It has been 20 years since the UK introduced legal protection against discrimination for individuals undergoing gender reassignment. In that time, mainstream acceptance and understanding of transgender identity and rights has come a long way. But some recent Employment Tribunal cases demonstrate that areas of conflict still remain.
Two weeks ago, an Employment Tribunal rejected a discrimination claim brought by a Christian doctor against the DWP. He had been engaged as a disability assessor and was responsible for visiting benefits claimants in their homes to assess their entitlement. He indicated to his manager that he would refuse to comply with the DWP's policy that transgender claimants be referred to using their chosen name, title and pronouns (he/she etc), on the basis of his Christian beliefs. After further discussions, his contract was terminated. He brought a claim for discrimination because of religion or belief, citing his "lack of belief in transgenderism" and "conscientious objection to transgenderism" as protected beliefs. The Employment Tribunal rejected his claim on the basis that his belief was not protected, as it was incompatible with human dignity and conflicted with the rights of transgender people.
It's not very surprising that this claim didn't succeed, as the Claimant's position clearly had the potential to cause unnecessary distress to already-vulnerable people. Where religious and LGBT rights have appeared to conflict in other ET cases, the need to provide services to the public without discrimination has generally trumped the employee's right to religious expression.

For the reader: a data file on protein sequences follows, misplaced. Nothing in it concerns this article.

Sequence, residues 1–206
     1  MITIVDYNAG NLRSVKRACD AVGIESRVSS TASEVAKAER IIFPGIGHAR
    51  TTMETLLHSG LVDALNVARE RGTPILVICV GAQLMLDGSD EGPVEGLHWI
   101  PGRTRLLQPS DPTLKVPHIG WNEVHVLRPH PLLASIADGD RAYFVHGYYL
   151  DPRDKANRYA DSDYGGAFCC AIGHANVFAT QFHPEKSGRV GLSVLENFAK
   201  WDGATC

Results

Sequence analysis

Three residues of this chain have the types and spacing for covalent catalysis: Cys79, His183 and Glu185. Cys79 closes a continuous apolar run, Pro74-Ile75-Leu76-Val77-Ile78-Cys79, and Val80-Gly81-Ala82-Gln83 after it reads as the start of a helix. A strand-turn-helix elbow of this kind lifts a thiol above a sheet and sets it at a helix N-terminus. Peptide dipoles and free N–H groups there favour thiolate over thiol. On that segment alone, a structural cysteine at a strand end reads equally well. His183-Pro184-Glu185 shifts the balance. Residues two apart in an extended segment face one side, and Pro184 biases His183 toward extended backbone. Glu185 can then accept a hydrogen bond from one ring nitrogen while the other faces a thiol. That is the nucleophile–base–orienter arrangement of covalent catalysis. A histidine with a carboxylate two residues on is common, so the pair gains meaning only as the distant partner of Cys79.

This can be contentious ground, with potential claims on both sides of the argument. Over the summer, a senior transgender journalist lost her claim for gender reassignment discrimination against the Times newspaper, having relied partly on the newspaper's coverage of trans issues to argue that the newspaper had a transphobic culture.
At the same time, a senior tax expert formerly employed by a think tank is bringing an Employment Tribunal claim alleging that she was dismissed because of her criticism of Government proposals to streamline the process for transgender people to change their legal sex. She will argue that her beliefs about sex and gender (in particular, her belief in the importance of biological sex) should be regarded as protected beliefs. The final hearing is due to take place in March next year.
The cases highlight the need for businesses to ensure that trans and non-binary people are treated with respect in the workplace, while also ensuring that religious or other beliefs are given due consideration. There is no simple solution where these principles conflict, but the starting point should be to ensure that all staff are treated respectfully. For example , referring to a transwoman as 'he' (or vice versa) is highly likely to offend and could amount to unlawful harassment. The simplest way to address this may be to ask all new hires to indicate their preferred title (e.g. Miss, Mr, Mx etc) and pronouns, ensuring that gender-neutral options are available.
This is an area where social and workplace norms are developing swiftly – employers should regularly review their policies to ensure that they are keeping up to date with best practice.